Lynette Fay: Musical snobs should take a look at outpouring of love for Big Tom

Big Tom on stage at a fundraising concert in Letterkenny last September for victims of flooding in Inishowen Picture: Margaret McLaughlin
Lynette Fay

I OCCASIONALLY present the Hugo Duncan Show on BBC Radio Ulster, when Hugo takes a rare day off. Tuesday of this week was one of those days.

Usually, sitting in for Hugo means choosing upbeat, feel-good country music tracks, trying to baffle the listeners with brain teasers and having good craic for 90 minutes.

When the news broke on Tuesday morning that ‘Big Tom’ McBride had passed away, I knew that this would not be a run-of-the-mill ‘Hugo’ show.

It was a very humbling experience to present this programme. A lot of listeners took the time to send extremely considered contributions to us, such is their respect for the man and his music. It was a huge honour to facilitate this outpouring of love for Big Tom and his music. The playlist was made up of classic Big Tom hits such as Four Country Roads, Gentle Mother, Dim Lights and Going Out The Same Way You Came In.

I had the pleasure of meeting Big Tom a few times. I was genuinely star struck but, like everyone else who ever met him, I found him to be a very modest man, with a very down-to-earth nature. This is what endeared him to me. He was very witty too.

Staying true to yourself is not easy. Working out and knowing who you are and what you stand for is a challenge we all face. Have you cracked it? Big Tom certainly had.

I worked on the Opry Dhoire TV series for TG4 last year. The Big Tom special was one of the highlights of the series for me. It was my job to mingle with the fans in the foyer before and during the show.

Over a thousand people had travelled from all over Ireland to be there for what at that point had become a rare live performance from their hero. How they gushed about Tom, and his wife Rose. To most, both Tom and Rose came as a package. Most of the fans had followed Tom for years and seen him play live in venues all over the country, and further afield. He was the voice of home for generations of Irish emigrants who moved abroad in the 70s and 80s in pursuit of work.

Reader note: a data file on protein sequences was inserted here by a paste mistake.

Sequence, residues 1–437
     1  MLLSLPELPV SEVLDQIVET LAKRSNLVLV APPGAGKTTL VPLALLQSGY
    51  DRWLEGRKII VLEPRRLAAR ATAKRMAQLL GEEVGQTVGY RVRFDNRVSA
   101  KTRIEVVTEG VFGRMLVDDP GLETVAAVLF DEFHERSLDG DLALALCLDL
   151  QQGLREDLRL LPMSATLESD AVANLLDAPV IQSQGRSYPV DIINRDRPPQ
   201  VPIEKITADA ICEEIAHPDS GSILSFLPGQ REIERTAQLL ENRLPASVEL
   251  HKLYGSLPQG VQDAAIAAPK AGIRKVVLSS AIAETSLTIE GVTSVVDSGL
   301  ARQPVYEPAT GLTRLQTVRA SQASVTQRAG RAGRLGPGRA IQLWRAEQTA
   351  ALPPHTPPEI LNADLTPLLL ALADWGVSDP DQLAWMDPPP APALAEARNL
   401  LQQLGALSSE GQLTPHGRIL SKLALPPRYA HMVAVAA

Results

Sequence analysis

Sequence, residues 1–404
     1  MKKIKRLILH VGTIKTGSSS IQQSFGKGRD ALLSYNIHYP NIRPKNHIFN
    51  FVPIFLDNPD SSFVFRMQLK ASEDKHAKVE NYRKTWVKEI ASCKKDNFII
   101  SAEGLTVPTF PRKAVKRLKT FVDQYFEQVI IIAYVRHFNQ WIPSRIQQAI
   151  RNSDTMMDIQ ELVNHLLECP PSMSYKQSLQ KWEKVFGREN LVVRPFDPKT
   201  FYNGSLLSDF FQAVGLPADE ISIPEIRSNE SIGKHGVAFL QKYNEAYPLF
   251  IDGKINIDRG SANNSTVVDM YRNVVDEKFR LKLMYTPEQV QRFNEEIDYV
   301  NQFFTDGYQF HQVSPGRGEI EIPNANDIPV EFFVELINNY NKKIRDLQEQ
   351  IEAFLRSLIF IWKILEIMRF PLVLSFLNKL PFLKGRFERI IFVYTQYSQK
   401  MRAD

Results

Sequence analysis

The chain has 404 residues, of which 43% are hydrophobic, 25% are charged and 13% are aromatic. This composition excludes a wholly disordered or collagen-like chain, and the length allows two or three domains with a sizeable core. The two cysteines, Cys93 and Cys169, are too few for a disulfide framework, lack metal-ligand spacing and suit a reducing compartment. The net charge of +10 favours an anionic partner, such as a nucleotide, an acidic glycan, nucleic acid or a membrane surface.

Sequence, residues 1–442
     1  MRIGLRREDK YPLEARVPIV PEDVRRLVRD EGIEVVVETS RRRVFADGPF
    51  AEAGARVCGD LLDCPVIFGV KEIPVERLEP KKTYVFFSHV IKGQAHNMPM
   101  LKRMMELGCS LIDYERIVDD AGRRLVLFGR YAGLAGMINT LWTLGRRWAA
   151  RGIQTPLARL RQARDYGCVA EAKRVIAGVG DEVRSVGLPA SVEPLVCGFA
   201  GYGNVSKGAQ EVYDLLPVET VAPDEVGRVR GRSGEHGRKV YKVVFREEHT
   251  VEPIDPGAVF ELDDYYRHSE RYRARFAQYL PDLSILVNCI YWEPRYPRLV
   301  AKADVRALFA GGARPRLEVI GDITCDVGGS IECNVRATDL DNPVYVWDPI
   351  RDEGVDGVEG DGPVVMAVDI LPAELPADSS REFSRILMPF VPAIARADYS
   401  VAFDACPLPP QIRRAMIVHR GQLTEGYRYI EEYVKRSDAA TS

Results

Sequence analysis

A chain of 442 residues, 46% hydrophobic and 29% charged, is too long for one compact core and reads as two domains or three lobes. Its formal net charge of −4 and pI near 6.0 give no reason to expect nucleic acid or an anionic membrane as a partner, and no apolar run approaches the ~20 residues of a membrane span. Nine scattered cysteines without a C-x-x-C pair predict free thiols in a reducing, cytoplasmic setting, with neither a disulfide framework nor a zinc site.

Rose was there for the recording that evening and that episode of Opry Dhoire episode was broadcast over Christmas, a rare occasion when generations of families watch television together. Unsurprisingly, it was a popular programme.

Coincidentally, the subject of last week’s column was country music. I mentioned how the appeal of this music can be cross generational and how if raised on a strict diet of country music, we can often rebel but inevitably return to the fold. A number of texts I received into the radio show on Tuesday expressed the same sentiments.

I have had a few interesting conversations with friends and colleagues this week about Big Tom and country music in general. I really don’t understand why those who don’t get it seem to be so against it and are very dismissive of the music itself and its popularity. The love for Big Tom and his music required qualification for some.

There is definitely a snobbery towards country music and its appeal. If qualification were needed, Big Tom’s image adorned the front pages of most newspapers on this island on Wednesday. Ahead of his funeral yesterday, thousands descended on Castleblaney to pay their respects to Tom and his family. Last night The Late Late Show paid tribute to the lost legend. The music snobs should take a look at the viewing figures. I would hazard a guess that they were off the scale.

A statue of Big Tom will be erected in his native Castleblaney this September. It’s a pity that he didn’t live to see it unveiled, but I understand that he had seen the statue or at least its design and was happy with it.

Tom was Ireland’s Elvis; he was the king of country music. He was from Castleblaney, he sang in his own accent and he never forgot where he came from and was proud of it. He was laid to rest there yesterday beside his beloved Rose who sadly passed away in January. He and his music will forever have a place in millions of Irish hearts.

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